Jacksonville Film Festival
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The Jacksonville Film Festival is an annual film festival held in Jacksonville, Florida. Founded in 2002, the festival screens dozens of the hundreds of films submitted for its consideration. According to the Daily Record, the festival is "an anticipated event among the international independent film community and an economic development driver for North Florida."
The festival debuted May 15-May 18 in 2003. In addition to screening films, the festival hosts panels, workshops and parties.
The Jacksonville Film Festival was conceived by Joan Monsky and Karen Sadler in the spring of 2002. They assembled a small advisory group of community leaders and arts advocates to create a mission and a template for the event which was ambitiously scheduled for May 2003. In that same year Jacksonville Film Events d/b/a The Jacksonville Film Festival became a non-profit organization.
The Robin Shepherd Group designed the turtle logo and creative graphics, the city and the Times-Union declared their support, Preston Haskell contributed wisdom and encouragement (and more), and Erik Hart offered space and services at the Florida Theatre. Sponsors also took a leap of faith, and volunteers were generous with hours and hours of time and effort. Joan Monsky was elected president and brought in programmers to help guide the artistic vision. After long, arduous planning sessions, the First Annual Jacksonville Film Festival made its successful debut.
The mission of the Festival was threefold: to connect Jacksonville to its early “Hollywood of the South” moviemaking roots, to focus attention on independent film and filmmakers, and to contribute to the revitalization of downtown Jacksonville.
The first film shown at the Festival was The Flying Ace, made in Jacksonville in 1926 by the Norman Studios. It had been recently restored by the Library of Congress Motion Picture Conservation Center and had not been seen in 75-years. It was warmly received at a packed house at the historic Ritz Theatre.
Six downtown venues hosted films, parties and special events including the popular Entertainment Law Panel and Viva Cinema. Downtown was also alive with movie buffs, movie stars and movie guests.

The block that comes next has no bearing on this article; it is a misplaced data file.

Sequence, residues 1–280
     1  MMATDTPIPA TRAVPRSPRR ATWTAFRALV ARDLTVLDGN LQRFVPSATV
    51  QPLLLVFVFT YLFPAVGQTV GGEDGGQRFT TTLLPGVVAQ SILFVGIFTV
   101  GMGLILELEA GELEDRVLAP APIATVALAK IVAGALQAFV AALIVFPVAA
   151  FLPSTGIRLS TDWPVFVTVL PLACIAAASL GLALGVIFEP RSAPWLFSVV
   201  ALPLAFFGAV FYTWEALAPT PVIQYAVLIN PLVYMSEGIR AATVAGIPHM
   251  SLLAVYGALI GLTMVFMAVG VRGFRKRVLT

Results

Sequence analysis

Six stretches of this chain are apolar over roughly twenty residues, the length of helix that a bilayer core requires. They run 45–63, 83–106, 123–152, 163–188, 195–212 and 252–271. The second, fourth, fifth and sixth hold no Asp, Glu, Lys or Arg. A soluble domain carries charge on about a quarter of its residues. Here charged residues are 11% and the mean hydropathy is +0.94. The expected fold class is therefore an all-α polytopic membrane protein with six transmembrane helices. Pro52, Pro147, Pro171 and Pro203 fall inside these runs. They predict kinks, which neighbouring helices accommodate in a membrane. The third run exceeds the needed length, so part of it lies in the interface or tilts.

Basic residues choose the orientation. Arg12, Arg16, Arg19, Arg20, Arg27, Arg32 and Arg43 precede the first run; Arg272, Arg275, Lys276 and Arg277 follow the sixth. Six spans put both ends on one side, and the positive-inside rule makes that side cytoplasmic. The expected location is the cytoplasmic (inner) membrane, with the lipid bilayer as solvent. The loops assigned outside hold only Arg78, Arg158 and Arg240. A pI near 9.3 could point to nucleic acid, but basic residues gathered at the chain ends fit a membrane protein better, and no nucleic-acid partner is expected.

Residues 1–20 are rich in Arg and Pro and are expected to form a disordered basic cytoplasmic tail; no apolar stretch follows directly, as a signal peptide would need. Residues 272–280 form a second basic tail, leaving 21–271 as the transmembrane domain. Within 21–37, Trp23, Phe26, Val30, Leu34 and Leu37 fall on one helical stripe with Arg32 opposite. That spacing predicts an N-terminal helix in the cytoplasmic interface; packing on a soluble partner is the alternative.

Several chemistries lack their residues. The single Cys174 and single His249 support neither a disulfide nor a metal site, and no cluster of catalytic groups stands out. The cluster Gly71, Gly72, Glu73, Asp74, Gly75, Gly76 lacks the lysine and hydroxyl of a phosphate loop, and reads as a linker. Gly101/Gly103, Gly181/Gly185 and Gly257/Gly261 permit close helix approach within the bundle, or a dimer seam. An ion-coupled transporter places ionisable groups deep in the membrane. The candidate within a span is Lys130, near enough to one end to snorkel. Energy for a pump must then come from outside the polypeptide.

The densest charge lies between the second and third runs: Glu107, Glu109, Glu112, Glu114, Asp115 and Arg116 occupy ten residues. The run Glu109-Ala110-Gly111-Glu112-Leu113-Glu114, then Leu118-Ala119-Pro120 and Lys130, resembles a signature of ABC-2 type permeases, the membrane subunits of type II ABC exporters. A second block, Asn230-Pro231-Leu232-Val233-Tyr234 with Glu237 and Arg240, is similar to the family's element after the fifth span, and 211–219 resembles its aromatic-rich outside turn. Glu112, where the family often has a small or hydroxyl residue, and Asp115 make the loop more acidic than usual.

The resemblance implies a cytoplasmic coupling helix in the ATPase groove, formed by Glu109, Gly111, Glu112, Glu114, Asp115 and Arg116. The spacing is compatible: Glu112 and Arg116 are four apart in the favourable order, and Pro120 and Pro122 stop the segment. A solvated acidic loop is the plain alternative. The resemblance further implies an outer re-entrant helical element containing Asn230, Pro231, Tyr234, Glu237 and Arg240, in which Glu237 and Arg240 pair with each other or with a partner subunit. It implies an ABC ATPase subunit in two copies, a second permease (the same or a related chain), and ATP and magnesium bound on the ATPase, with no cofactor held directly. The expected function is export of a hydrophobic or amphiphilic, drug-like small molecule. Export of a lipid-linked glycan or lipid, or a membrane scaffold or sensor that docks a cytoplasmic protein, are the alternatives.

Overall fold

Bill Murray’s appearance highlighted the second year and a film that was previewed – Napoleon Dynamite - was the season’s biggest hit. The world-wide press discovered Jacksonville and its small, fresh, new Festival.
In 2005 – 2006, the Festival became a non-profit corporation, Jacksonville Film Events, Inc. and added new initiatives: Books Alive!, a monthly program in partnership with the Jacksonville Public Library, celebrating family films derived from literature and REEL People, the film festival “fan club” offering year-round screenings of diverse and unique films never before seen in Jacksonville. In 2007, the Jacksonville Film Festival celebrated its fifth year. The festival has been embraced by the city and is gaining increasing recognition in the Southeast as an important destination for the independent film community. A key to the success has been the festival commitment to offering “Something for Everyone!”
2008 will be known as the year of significant change. Jesse Rodriguez took the helm as Executive and program director, and along with the board of directors, extended the festival to a full week incorporating programs such as A TASTE OF ASIA, EUROPA EUROPA, HIP HOP FOR THE MASSES, as well as A MOMENT OF SILENCE PLEASE, a film program for the Deaf. The concept for a FILM FESTIVAL VILLAGE was also realized making all the venues and hotel within walking distance of each other. Now as an international film festival, over 20 countries were represented through cinema in 2008.
- Marbut, Max (5/07/2007). "New face and new role for 2007 Jacksonville Film Festival". Daily Record. Retrieved 2009-02-13. Check date values in:
- Times-Union (05/09/2008). "Roll 'em: A Jacksonville film festival history". Florida Times-Union. Retrieved 2009-02-13. Check date values in: